The Asian Development Bank cut most of its 2012 and 2013 growth estimates for developing Asia on Wednesday as a slump in global demand weighs on the region’s powerhouses China and India and on its export-dependent economies.
The Manila-based bank said the region should diversify its growth drivers and capitalise on its booming service industries, as seen in India and the Philippines, to sustain domestic growth amid prolonged weakness in external demand.
The euro zone’s unresolved sovereign debt crisis and the United States’ looming fiscal cliff were the biggest risks to the growth outlook, with Asia’s most open economies particularly vulnerable to spillover effects, the ADB warned in an update of its regional outlook.
The risk of rapid reversals in capital flows to developing Asia also remained a concern, although the region’s capital markets have not shown excessive volatility, it added.
Still, most countries in the region have enough room to use monetary and fiscal policy tools if necessary to protect domestic growth, with inflation expected to be slower than earlier anticipated this year and the next, the ADB said.
The region must brace itself for a prolonged period of moderate expansion after years of rapid growth, the bank said.
Developing Asia - comprising 45 countries in Central, East, South, and Southeast Asia and the Pacific - is now forecast to grow 6.1 per cent this year and 6.7 per cent in 2013.
The figures are substantially slower than April estimates of 6.9 per cent and 7.3 per cent respectively, and last year’s 7.2 per cent expansion.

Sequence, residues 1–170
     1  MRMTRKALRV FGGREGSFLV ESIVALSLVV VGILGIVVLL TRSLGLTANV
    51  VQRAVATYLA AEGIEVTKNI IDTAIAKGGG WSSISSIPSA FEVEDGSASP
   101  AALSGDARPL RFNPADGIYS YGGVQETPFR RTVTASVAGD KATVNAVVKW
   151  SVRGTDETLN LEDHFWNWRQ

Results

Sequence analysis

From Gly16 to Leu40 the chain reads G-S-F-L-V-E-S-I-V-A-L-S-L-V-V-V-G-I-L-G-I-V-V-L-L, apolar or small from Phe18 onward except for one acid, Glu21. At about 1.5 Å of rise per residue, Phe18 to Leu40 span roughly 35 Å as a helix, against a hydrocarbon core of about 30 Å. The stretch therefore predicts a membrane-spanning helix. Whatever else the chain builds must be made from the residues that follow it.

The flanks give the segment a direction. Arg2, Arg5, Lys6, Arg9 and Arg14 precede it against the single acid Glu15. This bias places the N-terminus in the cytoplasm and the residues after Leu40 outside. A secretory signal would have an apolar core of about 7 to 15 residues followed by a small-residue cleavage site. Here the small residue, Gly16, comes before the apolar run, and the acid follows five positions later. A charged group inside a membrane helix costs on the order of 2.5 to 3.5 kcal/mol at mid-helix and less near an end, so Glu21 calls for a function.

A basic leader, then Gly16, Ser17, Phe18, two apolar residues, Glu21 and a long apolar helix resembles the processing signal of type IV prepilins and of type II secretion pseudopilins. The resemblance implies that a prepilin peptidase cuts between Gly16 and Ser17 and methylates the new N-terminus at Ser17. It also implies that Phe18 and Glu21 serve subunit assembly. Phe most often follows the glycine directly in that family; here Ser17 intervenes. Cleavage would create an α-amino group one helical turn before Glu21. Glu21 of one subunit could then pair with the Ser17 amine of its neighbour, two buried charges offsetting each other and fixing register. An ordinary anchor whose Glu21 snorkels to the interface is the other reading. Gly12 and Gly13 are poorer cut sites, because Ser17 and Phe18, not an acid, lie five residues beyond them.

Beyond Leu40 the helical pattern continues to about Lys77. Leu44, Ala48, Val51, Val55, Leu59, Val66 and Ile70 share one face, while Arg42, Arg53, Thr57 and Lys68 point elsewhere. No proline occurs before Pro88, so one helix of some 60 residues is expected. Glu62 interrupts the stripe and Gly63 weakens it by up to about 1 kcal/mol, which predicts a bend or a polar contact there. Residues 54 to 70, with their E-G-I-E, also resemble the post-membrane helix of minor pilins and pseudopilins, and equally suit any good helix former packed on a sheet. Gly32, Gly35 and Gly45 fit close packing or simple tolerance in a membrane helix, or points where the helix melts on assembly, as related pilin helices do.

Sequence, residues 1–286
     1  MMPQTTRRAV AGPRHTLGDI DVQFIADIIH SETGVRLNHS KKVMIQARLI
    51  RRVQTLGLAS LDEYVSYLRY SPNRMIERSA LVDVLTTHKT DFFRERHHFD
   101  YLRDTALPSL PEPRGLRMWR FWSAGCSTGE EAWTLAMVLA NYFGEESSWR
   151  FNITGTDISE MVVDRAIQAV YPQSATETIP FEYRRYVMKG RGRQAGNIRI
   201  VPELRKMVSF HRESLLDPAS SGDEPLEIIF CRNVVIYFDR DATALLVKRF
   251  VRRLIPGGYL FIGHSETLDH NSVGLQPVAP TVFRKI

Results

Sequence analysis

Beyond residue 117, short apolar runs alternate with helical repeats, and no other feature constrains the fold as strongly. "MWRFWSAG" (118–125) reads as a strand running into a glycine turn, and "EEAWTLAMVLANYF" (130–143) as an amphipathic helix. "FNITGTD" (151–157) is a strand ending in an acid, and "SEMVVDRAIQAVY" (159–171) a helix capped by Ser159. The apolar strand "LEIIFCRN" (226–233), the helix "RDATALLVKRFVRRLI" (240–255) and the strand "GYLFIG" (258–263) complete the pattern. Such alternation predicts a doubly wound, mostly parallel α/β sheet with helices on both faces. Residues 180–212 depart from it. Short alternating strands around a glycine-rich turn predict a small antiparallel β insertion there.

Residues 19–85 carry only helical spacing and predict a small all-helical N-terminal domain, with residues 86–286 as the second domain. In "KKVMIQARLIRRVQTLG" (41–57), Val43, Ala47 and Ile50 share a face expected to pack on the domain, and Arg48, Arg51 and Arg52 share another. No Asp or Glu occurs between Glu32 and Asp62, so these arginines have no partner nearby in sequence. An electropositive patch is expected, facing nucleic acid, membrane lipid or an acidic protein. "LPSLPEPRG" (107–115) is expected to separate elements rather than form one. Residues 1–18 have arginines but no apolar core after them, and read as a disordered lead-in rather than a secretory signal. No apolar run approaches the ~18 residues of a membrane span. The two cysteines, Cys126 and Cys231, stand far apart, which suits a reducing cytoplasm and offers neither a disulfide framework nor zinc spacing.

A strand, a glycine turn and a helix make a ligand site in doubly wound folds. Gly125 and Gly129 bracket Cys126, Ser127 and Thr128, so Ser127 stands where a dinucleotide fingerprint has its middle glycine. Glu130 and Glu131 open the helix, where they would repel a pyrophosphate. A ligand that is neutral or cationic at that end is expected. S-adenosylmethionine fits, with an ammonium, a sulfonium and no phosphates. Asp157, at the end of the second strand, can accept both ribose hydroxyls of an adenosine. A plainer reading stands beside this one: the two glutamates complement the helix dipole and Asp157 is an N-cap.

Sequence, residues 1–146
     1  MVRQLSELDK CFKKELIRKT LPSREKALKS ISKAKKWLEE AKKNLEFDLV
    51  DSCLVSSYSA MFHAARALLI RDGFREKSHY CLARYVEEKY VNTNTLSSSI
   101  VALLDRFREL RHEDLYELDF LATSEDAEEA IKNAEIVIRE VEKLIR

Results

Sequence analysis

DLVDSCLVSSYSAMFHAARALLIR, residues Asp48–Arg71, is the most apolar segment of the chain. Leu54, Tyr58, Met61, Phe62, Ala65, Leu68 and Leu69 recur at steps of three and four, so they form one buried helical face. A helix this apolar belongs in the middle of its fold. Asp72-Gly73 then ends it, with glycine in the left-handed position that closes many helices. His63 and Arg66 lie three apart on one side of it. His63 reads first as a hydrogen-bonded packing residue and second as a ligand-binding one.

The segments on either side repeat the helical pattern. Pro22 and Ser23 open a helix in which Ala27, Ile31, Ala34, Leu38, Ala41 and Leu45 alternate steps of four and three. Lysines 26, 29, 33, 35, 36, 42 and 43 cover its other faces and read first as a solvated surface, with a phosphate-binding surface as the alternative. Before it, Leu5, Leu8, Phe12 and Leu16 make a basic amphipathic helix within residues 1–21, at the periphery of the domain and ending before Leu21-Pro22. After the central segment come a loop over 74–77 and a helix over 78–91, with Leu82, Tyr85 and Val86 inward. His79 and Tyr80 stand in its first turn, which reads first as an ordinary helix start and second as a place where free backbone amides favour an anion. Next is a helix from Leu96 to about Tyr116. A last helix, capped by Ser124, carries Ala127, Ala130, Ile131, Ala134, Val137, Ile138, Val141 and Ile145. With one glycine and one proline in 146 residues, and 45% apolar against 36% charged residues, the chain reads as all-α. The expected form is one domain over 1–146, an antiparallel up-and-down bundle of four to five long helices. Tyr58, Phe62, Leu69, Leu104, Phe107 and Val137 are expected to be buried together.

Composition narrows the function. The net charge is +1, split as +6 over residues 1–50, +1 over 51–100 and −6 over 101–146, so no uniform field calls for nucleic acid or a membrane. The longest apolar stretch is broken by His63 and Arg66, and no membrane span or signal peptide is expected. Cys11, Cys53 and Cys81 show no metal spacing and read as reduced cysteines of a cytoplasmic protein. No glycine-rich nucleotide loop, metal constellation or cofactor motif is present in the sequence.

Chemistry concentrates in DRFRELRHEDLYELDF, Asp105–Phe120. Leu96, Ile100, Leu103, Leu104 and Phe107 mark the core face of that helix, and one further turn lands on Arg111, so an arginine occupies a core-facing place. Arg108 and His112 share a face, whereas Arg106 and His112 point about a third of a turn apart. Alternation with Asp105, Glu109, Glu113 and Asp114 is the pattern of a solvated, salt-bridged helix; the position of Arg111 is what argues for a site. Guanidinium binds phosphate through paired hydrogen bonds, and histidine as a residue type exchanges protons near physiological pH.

China, which is also struggling with slower investment and demand at home, is expected to grow 7.7 per cent this year and 8.1 per cent next year, below the forecasts made in April of 8.5 per cent and 8.7 per cent, respectively, the ADB said.
Growth in India is expected to hit 5.6 per cent and 6.7 per cent in 2012 and 2013, weaker than previous forecasts of 7.0 per cent and 7.5 per cent, respectively, as it battles persistently high inflation, a large fiscal deficit and weaker consumption.
East Asia will remain the region’s fastest-growing area, although it will not be immune to the overall deceleration in the region, the ADB said.
The bank kept its 2012 growth forecast of 5.2 per cent for Southeast Asia, lifted in part by recovery efforts in Thailand from last year’s flooding, and higher state spending in Malaysia and the Philippines.
The development lender said the region’s policymakers must find ways to support domestic growth as soft global demand keeps pressure on exports.
It said policies such as education reform, improved infrastructure and easier regulation geared towards boosting the services sector - now contributing nearly half of the region’s GDP and employing 34 per cent of developing Asia’s workers in 2009 - would help lift productivity and promote inclusive growth.